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Are We Still Evolving? Pam Oslie at TEDxAmericanRiviera 2012

Science states that humans have evolved over thousands of years. So have we reached the pinnacle of our abilities and our mind's potential? Do Quantum Physics and consciousness hold the key to our evolution? Pam Oslie will explore the answers to these questions and will reveal how electro-magnetic fields, non-local mind, and parallel universes play key roles in our development. AboutTEDx, x = independently organized event In the spirit of ideas worth spreading, TEDx is a program of local, self-organized events that bring people together to share a TED-like experience. At a TEDx event, TEDTalks video and live speakers combine to spark deep discussion and connection in a small group. These local, self-organized events are branded TEDx, where x = independently organized TED event. The TED Conference provides general guidance for the TEDx program, but individual TEDx events are self-organized. (Subject to certain rules and regulations.)
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Covalent writes "The Large Hadron Collider, the world's largest and most powerful particle accelerator and the 'Big Bang machine' that was used to discover what appears to be the long-sought Higgs boson particle (as announced July 4), may have another surprise up its sleeve this year: The LHC looks to have produced a new type of matter, according to a new analysis of particle collision data by scientists at MIT and Rice University. The new type of matter, which has yet to be verified, is theorized to be one of two possible forms: Either 'color-glass condensate' — a flattened nucleus transformed into a 'wall' of gluons, which are smaller binding subatomic particles, or it could be 'quark-gluon plasma,' a dense, soup or liquid-like collection of individual particles."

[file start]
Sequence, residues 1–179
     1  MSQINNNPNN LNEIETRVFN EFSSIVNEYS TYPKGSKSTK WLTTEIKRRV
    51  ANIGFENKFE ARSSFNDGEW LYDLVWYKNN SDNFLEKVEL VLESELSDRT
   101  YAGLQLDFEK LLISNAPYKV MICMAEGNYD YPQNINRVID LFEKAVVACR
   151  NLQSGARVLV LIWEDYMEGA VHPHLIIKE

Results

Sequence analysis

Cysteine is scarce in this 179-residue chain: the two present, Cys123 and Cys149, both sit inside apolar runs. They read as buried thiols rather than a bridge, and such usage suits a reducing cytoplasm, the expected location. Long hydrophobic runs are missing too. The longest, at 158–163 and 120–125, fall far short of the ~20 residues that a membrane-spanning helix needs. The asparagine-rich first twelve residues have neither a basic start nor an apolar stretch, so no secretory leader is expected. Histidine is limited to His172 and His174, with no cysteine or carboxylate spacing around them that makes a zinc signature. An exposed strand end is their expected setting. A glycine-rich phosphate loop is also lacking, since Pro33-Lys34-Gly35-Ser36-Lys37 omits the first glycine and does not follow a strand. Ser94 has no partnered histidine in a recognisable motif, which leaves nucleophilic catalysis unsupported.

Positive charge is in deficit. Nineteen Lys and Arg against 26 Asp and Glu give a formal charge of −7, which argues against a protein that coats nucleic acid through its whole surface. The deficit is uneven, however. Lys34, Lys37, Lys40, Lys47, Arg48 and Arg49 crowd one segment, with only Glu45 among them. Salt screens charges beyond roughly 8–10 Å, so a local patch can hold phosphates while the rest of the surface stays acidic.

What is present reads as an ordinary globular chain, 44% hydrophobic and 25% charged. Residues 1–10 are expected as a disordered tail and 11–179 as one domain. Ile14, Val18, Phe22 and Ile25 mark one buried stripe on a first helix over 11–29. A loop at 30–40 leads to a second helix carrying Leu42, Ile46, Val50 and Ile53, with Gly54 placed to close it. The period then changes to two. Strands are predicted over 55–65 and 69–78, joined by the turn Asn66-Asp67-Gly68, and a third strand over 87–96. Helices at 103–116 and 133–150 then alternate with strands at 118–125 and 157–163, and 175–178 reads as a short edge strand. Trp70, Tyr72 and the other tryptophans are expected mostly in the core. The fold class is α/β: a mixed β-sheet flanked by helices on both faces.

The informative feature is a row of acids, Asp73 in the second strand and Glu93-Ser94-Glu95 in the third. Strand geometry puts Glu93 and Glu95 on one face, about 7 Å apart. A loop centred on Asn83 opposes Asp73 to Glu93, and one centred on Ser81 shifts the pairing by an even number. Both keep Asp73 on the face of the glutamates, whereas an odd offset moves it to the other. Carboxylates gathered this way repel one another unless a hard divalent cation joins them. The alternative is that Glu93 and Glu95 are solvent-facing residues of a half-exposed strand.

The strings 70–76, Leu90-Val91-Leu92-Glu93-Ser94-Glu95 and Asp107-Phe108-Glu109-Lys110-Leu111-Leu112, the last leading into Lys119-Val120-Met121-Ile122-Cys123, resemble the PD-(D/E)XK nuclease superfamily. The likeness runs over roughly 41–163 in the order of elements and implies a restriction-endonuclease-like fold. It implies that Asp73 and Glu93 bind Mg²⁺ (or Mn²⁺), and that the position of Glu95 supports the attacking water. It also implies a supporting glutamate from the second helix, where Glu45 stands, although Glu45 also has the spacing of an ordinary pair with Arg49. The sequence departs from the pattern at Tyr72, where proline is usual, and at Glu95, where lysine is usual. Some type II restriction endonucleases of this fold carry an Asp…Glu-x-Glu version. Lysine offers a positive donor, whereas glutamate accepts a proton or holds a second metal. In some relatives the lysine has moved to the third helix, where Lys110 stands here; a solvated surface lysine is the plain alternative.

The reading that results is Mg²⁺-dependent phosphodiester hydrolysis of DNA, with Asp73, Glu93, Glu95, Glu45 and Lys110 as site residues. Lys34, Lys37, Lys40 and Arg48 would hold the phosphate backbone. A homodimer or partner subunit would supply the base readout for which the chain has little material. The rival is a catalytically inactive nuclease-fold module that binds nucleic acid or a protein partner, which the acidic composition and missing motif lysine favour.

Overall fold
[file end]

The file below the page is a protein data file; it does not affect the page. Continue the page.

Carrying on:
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A symbolic gesture to raise awareness about energy consumption, Earth Hour has grown since its beginning in 2007 in Sydney to now include observances in 147 countries and over 5000 cities. For one hour, lights are switched off at 8:30 local time on the last Saturday in March. Increasing public environmental awareness in China, which has overtaken the United States as the world's biggest polluter, has led 124 cities there to mark Earth Hour. Beginning with the second photograph, click the pictures to see them fade from lights on to the lights switched off during Earth Hour 2012. -- Lane Turner (25 photos total)
Children light candles during a ceremony to mark Earth Hour in Islamabad, Pakistan on March 31, 2012. Earth Hour took place worldwide at 8.30 p.m. local times and as an annual global call to turn off lights for 60 minutes in a bid to highlight energy consumption. (Anjum Naveed/Associated Press)